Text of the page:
- The Washington Times - Tuesday, December 30, 2008

Investor worries about the future of the high-tech sector because of the recession, the collapse of a joint venture involving Dow Chemical and a spike in oil prices because of Israel’s assault against Gaza conspired to push Wall Street into negative territory during light volume Monday.

All of the major indexes came off their lows, which at one point fell by more than 1 percent on the first day of a second consecutive four-day holiday week.

At the close, the Dow Jones Industrial Average dropped 31.62 points, or 0.37 percent, to 8483.93. The tech-heavy Nasdaq sank 19.92, or 1.30 percent, to 1510.32. The broader Standard & Poor’s 500 dipped 3.38, or 0.39 percent, to 869.42.

Concerns about the recession’s effects on consumer and business spending on computer and software upgrades in the months ahead apparently had an impact on the markets, with most large-cap tech stocks of companies with more than $5 billion in capitalization losing ground.

That affected both the Nasdaq and the S&P; 500, where tech is the largest economic sector. Tech has fallen 45 percent in value this year.

Another blow to the markets was a decision by Kuwait to kill a joint venture with Dow Chemical worth $17.4 billion that could ruin Dow’s plans to buy rival Rohm & Haas for $15.4 billion.

Share prices of both Dow and Rohm & Haas plunged. Cancellation of the purchase only would add to the long list of deals that have collapsed this year because of tight credit and the poor performance of the stock markets.

Israel’s air assault against neighboring Gaza in a major offensive that is intended to stop rocket attacks from the area, and the massing of armor and troops at the border for a possible ground incursion, affected oil prices because of fears that oil shipments from elsewhere in the Middle East could be disrupted.

The price of a barrel of light sweet crude oil, which fell slowly all last week, jumped to more than $42 in Europe in electronic trading on the New York Mercantile Exchange. It later fell back to $40 because demand for the commodity remained low.

“In order to get above $50, $60 a barrel, we’re going to need to see demand increase,” Tom Reilly of SCS Commodities Corp., an energy brokerage firm, told CNBC.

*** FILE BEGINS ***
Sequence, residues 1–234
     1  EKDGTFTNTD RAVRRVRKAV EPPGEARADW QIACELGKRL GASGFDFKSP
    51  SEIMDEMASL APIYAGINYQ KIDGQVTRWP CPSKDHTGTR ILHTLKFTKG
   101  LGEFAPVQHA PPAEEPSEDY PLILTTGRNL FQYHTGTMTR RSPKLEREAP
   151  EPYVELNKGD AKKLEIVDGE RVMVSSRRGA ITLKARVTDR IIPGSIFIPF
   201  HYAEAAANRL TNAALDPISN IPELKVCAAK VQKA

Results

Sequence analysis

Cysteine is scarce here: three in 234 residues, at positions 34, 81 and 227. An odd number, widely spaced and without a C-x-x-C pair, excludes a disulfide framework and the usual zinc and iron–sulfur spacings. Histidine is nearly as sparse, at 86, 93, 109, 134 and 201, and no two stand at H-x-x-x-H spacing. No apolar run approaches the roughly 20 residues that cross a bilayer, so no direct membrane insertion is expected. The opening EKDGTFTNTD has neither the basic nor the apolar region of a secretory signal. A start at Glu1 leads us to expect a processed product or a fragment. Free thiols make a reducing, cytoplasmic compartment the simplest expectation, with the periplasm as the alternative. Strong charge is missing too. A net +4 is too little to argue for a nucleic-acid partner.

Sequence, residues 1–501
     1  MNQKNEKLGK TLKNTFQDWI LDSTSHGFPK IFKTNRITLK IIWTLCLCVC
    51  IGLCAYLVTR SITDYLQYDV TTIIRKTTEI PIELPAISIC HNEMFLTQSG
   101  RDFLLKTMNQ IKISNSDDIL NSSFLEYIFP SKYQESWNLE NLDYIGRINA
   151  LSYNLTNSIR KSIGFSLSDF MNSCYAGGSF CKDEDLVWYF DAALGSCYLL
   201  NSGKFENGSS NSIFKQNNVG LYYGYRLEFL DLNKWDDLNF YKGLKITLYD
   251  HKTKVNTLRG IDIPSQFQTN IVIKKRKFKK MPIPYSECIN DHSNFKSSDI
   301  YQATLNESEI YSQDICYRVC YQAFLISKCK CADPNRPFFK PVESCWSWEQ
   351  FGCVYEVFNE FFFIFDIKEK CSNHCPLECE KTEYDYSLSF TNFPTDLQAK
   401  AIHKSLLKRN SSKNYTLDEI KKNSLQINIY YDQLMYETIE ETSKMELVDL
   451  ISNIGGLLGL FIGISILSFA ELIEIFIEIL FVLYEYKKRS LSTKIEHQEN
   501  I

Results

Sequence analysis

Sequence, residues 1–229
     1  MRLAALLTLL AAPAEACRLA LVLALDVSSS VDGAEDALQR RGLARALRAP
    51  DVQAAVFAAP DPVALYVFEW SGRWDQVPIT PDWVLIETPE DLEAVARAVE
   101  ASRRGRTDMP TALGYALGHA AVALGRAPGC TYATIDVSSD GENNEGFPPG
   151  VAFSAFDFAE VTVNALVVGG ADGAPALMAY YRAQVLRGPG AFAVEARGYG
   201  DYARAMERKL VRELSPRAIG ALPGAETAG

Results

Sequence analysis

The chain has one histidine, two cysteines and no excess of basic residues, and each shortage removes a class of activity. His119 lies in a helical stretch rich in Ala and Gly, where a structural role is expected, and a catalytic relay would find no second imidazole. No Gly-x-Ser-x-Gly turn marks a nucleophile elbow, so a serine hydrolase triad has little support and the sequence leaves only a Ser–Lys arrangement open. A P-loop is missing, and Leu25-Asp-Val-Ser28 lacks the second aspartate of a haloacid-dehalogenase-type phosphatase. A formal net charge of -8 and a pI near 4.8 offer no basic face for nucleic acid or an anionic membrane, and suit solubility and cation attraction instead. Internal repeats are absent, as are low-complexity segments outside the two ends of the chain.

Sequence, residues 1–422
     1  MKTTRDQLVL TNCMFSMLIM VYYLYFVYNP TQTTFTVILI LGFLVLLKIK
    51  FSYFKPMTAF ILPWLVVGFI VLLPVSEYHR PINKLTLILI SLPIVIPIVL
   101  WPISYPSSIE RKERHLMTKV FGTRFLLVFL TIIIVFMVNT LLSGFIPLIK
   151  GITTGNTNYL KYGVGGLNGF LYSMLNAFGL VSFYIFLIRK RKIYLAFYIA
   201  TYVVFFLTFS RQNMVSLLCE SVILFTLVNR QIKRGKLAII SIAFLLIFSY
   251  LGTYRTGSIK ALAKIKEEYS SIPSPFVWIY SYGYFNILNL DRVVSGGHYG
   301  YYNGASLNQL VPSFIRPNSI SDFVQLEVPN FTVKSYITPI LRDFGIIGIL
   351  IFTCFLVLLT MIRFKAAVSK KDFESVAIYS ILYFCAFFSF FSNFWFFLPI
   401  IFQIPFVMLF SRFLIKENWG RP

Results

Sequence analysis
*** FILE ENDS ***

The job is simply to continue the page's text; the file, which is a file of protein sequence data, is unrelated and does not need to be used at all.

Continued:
He predicted that the price of oil could drop to $30 a barrel.

Oil peaked in price July 11, when it topped out at $147.27 a barrel, spurring gasoline prices at the pump to shoot higher than $4 a gallon nationwide.

Since then, falling gasoline prices have been a bright spot for consumers. The drop in fuel costs, combined with dealer sales incentives, led to resurging sales of sport utility vehicles and trucks, which Edmunds.com says will account for 51 percent of all vehicles sold nationwide in December, according to CNNMoney.com.

At the same time, sales of gas-saving hybrid vehicles were expected to drop this month in an about-face that some worry may alter plans, at least temporarily, to spend more money on alternative energy sources to reduce U.S. dependence on foreign oil.

The average price of regular gasoline has fallen to $1.67 a gallon, according to the AAA.

As for the U.S. auto industry, General Motors Corp. and Chrysler LLC were expected to receive $4 billion each Monday in the first installment of the federal government’s $17.4 billion emergency loan package.

GM is to receive a second $5.4 billion payment Jan. 16 and, if needed, another $4 billion Feb. 17.

Ford Motor Co. has said it does not need federal money.

Trading volume again was expected to be light during the second consecutive week in which sessions will be limited to four days because of another holiday, New Year’s Day, on Thursday.

But this time, the low volume may be accompanied by more volatility because of sell-offs that are part of the typical year-end trading strategy intended to maximize tax losses.

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